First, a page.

Low Back Pain Got You Down?

CHRISTIAN CRISTIANO

WELLNESS--Chronic pain affects 100 million Americans each year which is more than diabetes, cancer, and heart disease combined. Very often that pain is low back pain. 

What a lot of people don’t realize is that weakness and tightness go hand in hand. Common sense would have us think that along with weakness comes loose flexible muscles, but the opposite is true. The muscles get weak from lack of movement and exercise leading to tight muscles that end up pulling the vertebrae’s out of alignment and causing low back pain. There are other reasons the low back can be painful, and imaging is the best way to know what is causing the pain. There are three steps one can take in order to help alleviate and potentially heal low back pain. 

Step one:

Assess how serious the problem is and see a doctor and get some imaging done. In some cases a simple x-ray may be enough, but know that soft tissue problems don’t show up with x-ray alone. An MRI may be needed. I am a big fan of imaging because no matter how good health care providers may be, no one can see inside the body without the proper diagnostic tools. 

If you see a surgeon for your testing he/she want to perform surgery on your back. While part of staying healthy requires combining western and eastern medicine, look at surgery as a last ditch attempt to get better after all other options have been exhausted. If the doctor wants to do surgery on you it is in your best interest to get a second and maybe even a third opinion before proceeding. 

In addition to more opinions, it would also behoove you to do your research into other people that have had the same surgery performed and read about actual cases and actual outcomes. Be your own primary care provider by researching exhaustively before agreeing to go under the knife.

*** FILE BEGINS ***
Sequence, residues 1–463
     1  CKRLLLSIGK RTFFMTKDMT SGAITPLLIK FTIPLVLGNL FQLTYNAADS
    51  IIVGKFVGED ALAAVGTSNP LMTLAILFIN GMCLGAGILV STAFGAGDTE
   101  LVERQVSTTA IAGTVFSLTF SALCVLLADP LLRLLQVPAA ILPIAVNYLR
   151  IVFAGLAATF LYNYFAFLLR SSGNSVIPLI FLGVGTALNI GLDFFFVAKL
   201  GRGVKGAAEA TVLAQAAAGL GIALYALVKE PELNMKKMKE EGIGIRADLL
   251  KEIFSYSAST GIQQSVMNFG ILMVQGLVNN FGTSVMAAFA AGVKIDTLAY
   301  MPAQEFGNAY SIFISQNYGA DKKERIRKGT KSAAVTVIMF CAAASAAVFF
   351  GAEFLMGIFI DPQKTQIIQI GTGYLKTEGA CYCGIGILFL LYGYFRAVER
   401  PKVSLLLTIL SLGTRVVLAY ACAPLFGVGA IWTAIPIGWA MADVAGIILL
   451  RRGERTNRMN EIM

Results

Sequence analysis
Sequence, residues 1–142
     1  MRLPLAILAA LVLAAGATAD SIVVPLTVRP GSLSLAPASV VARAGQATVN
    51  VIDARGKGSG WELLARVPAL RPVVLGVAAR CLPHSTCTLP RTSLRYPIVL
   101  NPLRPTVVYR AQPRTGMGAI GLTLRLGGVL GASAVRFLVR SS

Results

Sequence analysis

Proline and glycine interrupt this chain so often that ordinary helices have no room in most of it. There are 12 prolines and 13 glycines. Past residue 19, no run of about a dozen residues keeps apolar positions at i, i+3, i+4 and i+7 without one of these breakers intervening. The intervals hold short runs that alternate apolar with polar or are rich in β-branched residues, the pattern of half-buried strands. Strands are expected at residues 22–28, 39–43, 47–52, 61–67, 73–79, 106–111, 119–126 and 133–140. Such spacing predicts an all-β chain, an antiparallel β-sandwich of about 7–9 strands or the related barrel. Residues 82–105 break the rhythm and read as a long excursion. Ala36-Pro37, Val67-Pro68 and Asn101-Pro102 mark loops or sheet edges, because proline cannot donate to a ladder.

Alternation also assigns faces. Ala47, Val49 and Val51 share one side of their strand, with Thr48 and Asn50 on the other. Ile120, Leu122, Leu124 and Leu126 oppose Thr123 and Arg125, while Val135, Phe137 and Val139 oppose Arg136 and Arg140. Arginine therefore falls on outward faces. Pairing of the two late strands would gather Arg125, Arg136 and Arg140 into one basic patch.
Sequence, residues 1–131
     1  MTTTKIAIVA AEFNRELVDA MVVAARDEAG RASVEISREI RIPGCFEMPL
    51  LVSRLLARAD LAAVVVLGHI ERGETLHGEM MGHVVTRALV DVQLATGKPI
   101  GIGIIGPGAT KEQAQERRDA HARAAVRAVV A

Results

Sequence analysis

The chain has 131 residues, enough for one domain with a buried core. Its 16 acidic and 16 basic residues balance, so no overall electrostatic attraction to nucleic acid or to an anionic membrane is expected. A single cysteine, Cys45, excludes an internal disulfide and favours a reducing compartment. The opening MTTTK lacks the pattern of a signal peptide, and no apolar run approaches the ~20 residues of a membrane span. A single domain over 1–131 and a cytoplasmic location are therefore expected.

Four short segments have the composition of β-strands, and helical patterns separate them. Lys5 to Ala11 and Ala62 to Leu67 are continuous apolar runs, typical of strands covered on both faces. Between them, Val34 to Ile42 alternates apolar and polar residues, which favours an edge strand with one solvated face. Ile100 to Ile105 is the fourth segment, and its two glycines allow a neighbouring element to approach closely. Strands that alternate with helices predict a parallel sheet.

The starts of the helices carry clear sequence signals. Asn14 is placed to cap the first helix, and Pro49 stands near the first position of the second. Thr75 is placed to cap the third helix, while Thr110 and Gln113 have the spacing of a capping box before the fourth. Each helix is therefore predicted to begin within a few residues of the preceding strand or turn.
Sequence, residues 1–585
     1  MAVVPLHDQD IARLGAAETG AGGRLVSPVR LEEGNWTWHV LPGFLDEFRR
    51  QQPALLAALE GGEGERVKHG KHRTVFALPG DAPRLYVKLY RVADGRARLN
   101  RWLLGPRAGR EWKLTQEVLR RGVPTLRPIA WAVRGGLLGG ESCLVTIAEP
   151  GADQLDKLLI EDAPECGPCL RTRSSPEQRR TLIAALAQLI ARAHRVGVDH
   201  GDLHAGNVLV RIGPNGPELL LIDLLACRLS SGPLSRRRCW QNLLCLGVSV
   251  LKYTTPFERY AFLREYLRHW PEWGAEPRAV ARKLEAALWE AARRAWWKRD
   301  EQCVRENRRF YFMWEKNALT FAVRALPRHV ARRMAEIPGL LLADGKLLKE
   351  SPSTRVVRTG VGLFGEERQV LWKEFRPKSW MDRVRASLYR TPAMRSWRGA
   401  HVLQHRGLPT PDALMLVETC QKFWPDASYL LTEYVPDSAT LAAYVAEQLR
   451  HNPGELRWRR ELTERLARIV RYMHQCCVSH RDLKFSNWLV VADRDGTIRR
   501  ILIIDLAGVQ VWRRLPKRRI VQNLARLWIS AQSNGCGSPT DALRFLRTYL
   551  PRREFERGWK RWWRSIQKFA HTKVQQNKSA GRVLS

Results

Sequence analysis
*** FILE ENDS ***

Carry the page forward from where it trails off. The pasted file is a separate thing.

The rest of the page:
Step two:

Assemble your team. For chronic pain you may need more than one healer to help you. Acupuncture and chiropractic are excellent adjuncts to your western medical visits. Many peoples insurance now covers both, but if not, there are student clinics for acupuncture schools that will help to bring the cost of treatment down. If you’re not sure about your coverage call the number on the back of your insurance card to see what kind of coverage you may have. 

Regarding movement it’s important to learn how and what to do to specifically strengthen and add flexibility to the right areas of the body to support the low back while taking the pressure off. If cost for trainers or physical therapists is a limiting factor, finding a good group fitness class or yoga class and talk to an experienced teacher before you start class to get specific guidance on exercises or yoga poses specifically targeted to help alleviate your back pain. I’m not a fan of group classes for people actively in pain unless they talk to the teacher first to let them know your situation. It is possible to make yourself worse with improper movement.  

Step three:

Take action. Many of you have heard that sitting is the new smoking and while I’m not sure sitting is quite that dangerous, there is not doubt that stagnation and lack of movement contribute to low back pain and all other types of pain. Once you know the proper exercises that you need to do and which movements help you, it’s time to start to exercise. Finding a work out buddy that you can walk with or do your exercises with can be helpful for those of you that are less physically inclined. Movement and exercise is a crucial element to any pain reducing regimen and finding that balance of just enough movement without exacerbating the problem can be key. 

Low back pain cuts deep into ones quality of life. With the right plan and the right team in place, there is no reason that low back pain or any other pain needs to dominate your life. Start taking steps today to alleviate your pain so you can get back to life!

 

(Christian Cristiano is an acupuncturist in LA, TV host of Wellness for Realists and writes on wellness regularly for CityWatch. Christian can be reached at 323.935.3420. twitter: @CristianoWFR)

-cw